Journalist Kim Wall ’13JRN, ’15SIPA was known for her curiosity, mischievous wit, and propensity to pursue offbeat stories that followed what she called “the undercurrents of rebellion.” Her stories for publications such as the Guardian, Harper’s, and the Atlantic covered a broad range of topics: leaking radioactive waste in the Marshall Islands, the ethical pitfalls of tourism in North Korea, the propagation of pop culture in Cuba. Her brand of journalism — which combined, as she liked to say, “shoe-leather reporting with a foreign-policy lens” — probed corners of the world that had been overlooked and gave voice to those who might otherwise have remained silent.
Wall was killed in August at the age of thirty while working on a story about Peter Madsen, a Danish inventor who had crowdfunded and built a minisubmarine. Mystery shrouds the exact circumstances of her death. Wall boarded the submarine for a short voyage. Then the sub sank and Madsen was rescued at sea. More than a week later, Wall’s body was found in a bay near Copenhagen. Madsen has been charged with her murder.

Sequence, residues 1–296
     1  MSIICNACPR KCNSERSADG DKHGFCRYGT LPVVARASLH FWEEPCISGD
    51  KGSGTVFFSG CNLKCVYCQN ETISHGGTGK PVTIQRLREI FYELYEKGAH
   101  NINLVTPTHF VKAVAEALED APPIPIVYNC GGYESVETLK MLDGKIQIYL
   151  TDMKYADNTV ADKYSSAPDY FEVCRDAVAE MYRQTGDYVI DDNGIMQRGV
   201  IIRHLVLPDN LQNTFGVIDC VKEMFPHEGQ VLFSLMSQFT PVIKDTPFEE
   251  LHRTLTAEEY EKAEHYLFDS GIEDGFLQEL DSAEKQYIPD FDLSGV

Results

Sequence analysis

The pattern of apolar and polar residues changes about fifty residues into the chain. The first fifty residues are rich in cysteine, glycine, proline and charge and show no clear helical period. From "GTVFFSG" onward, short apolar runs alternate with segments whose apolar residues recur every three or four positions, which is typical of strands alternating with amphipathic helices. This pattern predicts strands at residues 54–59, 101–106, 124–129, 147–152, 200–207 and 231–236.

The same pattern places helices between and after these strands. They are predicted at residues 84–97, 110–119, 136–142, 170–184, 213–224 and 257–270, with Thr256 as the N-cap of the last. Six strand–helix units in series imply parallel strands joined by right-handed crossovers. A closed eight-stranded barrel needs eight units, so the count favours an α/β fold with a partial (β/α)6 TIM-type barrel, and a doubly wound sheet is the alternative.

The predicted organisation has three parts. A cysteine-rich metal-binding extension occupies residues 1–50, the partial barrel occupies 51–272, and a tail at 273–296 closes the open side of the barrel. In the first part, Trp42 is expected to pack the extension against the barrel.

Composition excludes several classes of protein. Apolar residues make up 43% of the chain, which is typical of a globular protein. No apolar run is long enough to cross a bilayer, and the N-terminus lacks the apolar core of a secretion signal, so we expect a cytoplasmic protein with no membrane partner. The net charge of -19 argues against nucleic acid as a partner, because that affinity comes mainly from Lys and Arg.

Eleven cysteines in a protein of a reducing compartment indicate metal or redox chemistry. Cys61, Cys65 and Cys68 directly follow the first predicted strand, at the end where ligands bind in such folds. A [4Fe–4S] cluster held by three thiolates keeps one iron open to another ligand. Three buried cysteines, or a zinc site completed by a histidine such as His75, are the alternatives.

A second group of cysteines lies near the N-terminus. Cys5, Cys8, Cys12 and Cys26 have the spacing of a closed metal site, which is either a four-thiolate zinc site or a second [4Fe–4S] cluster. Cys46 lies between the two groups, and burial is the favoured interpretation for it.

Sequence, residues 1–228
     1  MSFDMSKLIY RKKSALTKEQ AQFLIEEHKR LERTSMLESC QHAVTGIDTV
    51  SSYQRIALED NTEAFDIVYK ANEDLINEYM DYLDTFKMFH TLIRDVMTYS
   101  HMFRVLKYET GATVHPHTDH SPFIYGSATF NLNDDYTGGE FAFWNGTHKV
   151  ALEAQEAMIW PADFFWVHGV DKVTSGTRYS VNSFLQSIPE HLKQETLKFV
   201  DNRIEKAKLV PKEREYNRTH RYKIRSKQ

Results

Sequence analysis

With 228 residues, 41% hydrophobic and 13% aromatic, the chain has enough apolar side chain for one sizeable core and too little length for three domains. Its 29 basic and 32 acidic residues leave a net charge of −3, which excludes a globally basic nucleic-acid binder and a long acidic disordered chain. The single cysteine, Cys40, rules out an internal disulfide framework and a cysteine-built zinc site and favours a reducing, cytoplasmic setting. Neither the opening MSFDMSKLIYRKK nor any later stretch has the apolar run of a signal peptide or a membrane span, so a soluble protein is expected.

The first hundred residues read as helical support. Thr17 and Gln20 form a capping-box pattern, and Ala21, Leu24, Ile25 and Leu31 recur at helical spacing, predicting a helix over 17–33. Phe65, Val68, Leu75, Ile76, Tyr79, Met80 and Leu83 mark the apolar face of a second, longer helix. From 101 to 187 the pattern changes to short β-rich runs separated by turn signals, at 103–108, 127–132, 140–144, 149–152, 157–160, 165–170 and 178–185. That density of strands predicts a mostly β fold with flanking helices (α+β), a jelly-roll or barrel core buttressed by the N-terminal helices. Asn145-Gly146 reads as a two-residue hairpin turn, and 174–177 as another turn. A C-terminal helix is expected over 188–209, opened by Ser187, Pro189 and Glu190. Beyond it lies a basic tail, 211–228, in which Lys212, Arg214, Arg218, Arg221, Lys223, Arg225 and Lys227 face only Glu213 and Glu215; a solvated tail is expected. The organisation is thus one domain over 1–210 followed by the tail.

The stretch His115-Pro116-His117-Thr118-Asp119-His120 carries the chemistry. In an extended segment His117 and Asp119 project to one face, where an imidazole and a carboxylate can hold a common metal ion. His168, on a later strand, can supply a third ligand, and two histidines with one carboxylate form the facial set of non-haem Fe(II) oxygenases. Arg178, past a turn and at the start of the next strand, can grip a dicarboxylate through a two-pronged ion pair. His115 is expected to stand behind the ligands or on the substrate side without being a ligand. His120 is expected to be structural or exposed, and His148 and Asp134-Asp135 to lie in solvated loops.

In October, Wall’s family, friends, and colleagues gathered at the Graduate School of Journalism to remember the talented young reporter. “Humanity needs more courageous women like Kim — women who want and dare to give their voices to the weak ones and make this planet a better place to live,” Wall’s mother, Ingrid Wall, said. To honor their daughter, the family has raised more than $100,000 to establish a grant fund through the International Women’s Media Foundation. The grant will be offered to female journalists covering the same “undercurrents of rebellion” that drove Wall as a storyteller.
The journalism school has also created a Kim Wall Scholarship Fund, for which it is accepting donations. Dean Steve Coll says he is seeking an endowment for the fund so that it might be offered in perpetuity. Contributions may be made online at journalism.givenow.columbia.edu.